Firefighters in Northern California on Monday struggled to gain control of the state’s largest wildfire this year, which claimed two lives, after it blew up over the weekend and forced thousands to evacuate their homes.
Driven by strong winds and thunderstorms, the McKinney Fire sped through the state’s arid terrain Sunday to spread across about 52,500 acres of the Klamath National Forest near the town of Yreka — and was 0 percent contained as of Sunday night, according to CalFire.
California and other parts of the western United States have been ravaged by massive and fast-spreading wildfires in recent years, caused by years of drought and exacerbated by a warming climate.
The McKinney Fire, which broke out near the Oregon border on Friday, is California’s biggest wildfire so far this year — though it remains much smaller than last year’s Dixie Fire, which burned nearly a million acres.
According to the Siskiyou County Sheriff’s Office, firefighters Sunday found two people dead in a burned-out car in the driveway of a home in the Klamath River community — the path of the fire.
Speaking on ABC News, Sheriff Jeremiah LaRue said firefighters suspected the couple had been caught in the fast-moving fire while trying to escape.
California Gov. Gavin Newsom has declared a state of emergency, saying the fire is threatening “critical infrastructure.”
More than 2,000 residents of rural neighborhoods in the area were under evacuation orders, mostly in Siskiyou County, according to the California Emergency Services Department.
Larry Castle, a Yreka resident, told the Sacramento Bee newspaper that he and his wife packed up some belongings and their three dogs to head out for the night, as other fires in recent years have shown them the situation is ” very, very serious”.
A spokeswoman for the Siskiyou County Sheriff’s Office, quoted by US media, said the fire destroyed more than 100 buildings — including homes, a grocery store and a community center — around Yreka, although it did not enter the town of about 7,800 residents.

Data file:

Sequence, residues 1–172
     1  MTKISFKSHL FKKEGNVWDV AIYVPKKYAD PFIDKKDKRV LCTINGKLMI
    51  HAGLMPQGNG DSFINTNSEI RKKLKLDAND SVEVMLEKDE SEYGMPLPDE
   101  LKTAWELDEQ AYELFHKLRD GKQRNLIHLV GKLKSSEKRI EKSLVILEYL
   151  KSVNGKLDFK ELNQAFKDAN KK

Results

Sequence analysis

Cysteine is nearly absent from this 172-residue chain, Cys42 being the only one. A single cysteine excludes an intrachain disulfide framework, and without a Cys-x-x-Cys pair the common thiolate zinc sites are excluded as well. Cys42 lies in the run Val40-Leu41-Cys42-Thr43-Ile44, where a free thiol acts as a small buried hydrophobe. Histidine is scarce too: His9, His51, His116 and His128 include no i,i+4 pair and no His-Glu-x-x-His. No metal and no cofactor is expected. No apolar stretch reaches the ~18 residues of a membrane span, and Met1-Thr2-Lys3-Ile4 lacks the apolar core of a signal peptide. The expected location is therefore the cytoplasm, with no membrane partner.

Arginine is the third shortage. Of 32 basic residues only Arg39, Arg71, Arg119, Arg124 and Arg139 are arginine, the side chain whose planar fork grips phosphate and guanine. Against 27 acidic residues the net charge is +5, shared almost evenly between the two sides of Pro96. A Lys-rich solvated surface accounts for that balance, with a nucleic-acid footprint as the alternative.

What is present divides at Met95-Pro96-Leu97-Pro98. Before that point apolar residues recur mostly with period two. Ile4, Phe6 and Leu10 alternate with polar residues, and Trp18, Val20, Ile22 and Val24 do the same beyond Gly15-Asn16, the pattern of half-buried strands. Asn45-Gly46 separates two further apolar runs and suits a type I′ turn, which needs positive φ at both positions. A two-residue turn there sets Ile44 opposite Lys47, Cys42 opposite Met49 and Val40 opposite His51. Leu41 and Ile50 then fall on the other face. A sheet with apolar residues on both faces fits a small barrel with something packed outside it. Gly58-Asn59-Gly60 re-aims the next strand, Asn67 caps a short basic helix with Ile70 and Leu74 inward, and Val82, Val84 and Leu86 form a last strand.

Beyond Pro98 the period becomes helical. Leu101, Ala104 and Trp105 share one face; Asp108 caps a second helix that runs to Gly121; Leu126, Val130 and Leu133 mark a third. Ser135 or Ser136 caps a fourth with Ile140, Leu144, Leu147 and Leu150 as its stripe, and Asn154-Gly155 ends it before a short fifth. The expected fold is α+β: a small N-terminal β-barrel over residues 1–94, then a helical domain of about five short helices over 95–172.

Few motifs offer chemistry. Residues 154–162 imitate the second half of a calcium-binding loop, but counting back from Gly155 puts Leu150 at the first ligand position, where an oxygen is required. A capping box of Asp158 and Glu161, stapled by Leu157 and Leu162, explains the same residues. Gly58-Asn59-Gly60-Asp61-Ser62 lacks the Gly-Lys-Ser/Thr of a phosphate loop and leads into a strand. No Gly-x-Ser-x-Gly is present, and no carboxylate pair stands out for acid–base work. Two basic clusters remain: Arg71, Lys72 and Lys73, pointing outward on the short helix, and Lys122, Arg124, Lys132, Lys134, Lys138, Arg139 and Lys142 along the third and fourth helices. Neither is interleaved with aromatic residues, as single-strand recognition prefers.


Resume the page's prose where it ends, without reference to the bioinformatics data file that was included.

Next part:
“The surrounding areas should be ready to exit if necessary. Please do not hesitate to evacuate,” the county sheriff tweeted.
Highway 96 and McKinney Creed Road southwest of the Klamath River have been closed to the public, according to CalFire.
Nearly 650 people worked Sunday to put out the fire, the National Wildfire Coordinating Group said.
Search and rescue teams evacuated 60 people who had hiked the area’s popular Pacific Crest Trail, according to the Jackson County, Oregon, Sheriff’s Department.
CalFire said the cause of the McKinney fire is still under investigation.
The US Forest Service said thick smoke helped limit the fire’s growth Sunday but also meant firefighters’ planes were “mostly on the ground.”
Firefighters were working above Fort Jones and west of Yreka “to halt the progression of the fire,” the USFS said.
The fast-spreading fire comes just days after the oak fire near Yosemite National Park destroyed dozens of buildings and forced thousands to evacuate.
California, which is facing a nagging drought, still has a month-long fire season ahead of it.
Other parts of the world have also faced intense wildfires this year, as scientists say climate change is making heat waves more frequent and intense, increasing the risk of fire.
On Sunday, both Portugal and France battled major wildfires as temperatures soared across Europe.
In Portugal, a fire broke out in the Mafra area north of Lisbon, while in France at least four firefighters were seriously injured and motorways closed.
Also over the weekend, hundreds of firefighters in eastern Germany battled a blaze that injured four people.
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